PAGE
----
It turns out even if you own the Internet, you're still susceptible to malicious hackers. Facebook CEO Mark Zuckerberg had to change Web addresses for his Facebook fan page late Tuesday night after a hacker appeared to gain access to the page and had the ability to write status messages on behalf of Facebook's chief.
"Let the hacking begin: If facebook [sic] needs money, instead of going to the banks, why doesn't Facebook let its users invest in Facebook in a social way? Why not transform Facebook into a ‘social business' the way Nobel Price [sic] winner Muhammad Yunus described it? http://bit.ly/fs6rT3 What do you think? #hackercup2011," the hacked message read according to TechCrunch.
The bit.ly link in the message points to this Wikipedia page about "social business," a concept developed primarily by Yunus, a Bangladeshi economist. A social business is a company that exists to achieve specific social objectives such as to overcome poverty or increase access to technology. Founders and investors in social businesses do not take profits from the company, but are able to recoup their original investment money.
If the recent status update really was from Zuckerberg, his plans would come as a shock to investors who collectively paid $1.5 billion this month for a piece of the world's largest social network.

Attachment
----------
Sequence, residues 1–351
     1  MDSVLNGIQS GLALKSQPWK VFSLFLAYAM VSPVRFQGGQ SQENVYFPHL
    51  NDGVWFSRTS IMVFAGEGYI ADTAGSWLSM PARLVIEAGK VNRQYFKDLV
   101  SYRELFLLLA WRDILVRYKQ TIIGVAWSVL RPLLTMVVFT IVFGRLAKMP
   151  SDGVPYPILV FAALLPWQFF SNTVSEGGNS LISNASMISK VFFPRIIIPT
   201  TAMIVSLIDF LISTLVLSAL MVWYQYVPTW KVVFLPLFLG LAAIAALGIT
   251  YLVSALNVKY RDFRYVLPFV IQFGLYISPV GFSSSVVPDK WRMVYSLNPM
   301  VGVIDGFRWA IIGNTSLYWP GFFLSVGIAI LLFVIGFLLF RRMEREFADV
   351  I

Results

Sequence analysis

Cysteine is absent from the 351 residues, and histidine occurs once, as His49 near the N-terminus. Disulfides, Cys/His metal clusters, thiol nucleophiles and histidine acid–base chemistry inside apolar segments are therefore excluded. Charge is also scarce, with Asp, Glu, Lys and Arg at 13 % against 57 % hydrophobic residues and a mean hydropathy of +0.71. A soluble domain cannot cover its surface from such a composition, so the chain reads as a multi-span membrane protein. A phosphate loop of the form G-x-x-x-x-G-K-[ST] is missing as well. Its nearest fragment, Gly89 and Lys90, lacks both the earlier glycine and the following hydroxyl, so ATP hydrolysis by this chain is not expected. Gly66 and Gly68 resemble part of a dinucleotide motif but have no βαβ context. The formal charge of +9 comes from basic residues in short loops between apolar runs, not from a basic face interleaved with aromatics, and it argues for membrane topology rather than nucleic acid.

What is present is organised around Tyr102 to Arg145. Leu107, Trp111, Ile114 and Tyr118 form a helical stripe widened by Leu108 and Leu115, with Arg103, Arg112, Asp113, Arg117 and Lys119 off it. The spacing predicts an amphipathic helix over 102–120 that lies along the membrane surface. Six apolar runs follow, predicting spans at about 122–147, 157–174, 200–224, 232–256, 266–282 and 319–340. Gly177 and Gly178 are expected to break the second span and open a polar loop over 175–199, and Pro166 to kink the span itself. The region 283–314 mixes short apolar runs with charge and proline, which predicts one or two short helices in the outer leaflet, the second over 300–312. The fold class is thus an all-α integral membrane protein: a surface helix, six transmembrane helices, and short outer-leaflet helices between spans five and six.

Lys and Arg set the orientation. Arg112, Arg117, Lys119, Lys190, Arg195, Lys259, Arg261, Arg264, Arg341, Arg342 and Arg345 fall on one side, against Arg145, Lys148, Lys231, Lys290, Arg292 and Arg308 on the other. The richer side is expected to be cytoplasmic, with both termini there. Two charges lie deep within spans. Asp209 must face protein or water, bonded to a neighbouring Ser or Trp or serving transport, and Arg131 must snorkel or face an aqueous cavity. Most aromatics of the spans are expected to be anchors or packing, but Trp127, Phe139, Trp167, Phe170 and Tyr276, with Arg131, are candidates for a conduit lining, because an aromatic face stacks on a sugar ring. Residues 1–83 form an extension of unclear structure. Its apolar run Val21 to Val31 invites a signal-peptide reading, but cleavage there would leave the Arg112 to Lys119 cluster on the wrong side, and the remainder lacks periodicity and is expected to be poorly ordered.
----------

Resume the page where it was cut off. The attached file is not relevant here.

Facebook users, however, appear to be behind the idea of turning the company into a social business. In the short time the purportedly phony Zuckerberg message was live it received more than 1,800 likes and nearly 450 comments. Although some of the comments poked fun at Zuckerberg or the hacker's misspelling of Nobel Prize.
Hacker Cup 2011, the hashtag found at the end of the message, is the first annual worldwide programming competition hosted by Facebook.
It's not clear how the page was hacked or who did it, but Facebook appears to be taking the purported hack seriously since Zuckerberg's official fan page has changed URLs. The original fan page was at Facebook.com/markzuckerberg as recently as Tuesday at 7:30 p.m. Pacific, according to Google's cache. But the official Zuckerberg page, along with nearly 3 million likes, is now at Facebook.com/pages/Mark-Zuckerberg/68310606562.
We've reached out to Facebook for comment, and will update this post if we hear back.
It will be interesting to hear what Facebook has to say, but here's the bigger question: If you had hacked Zuckerberg's fan page what would your status update have been? Let us know in the comments.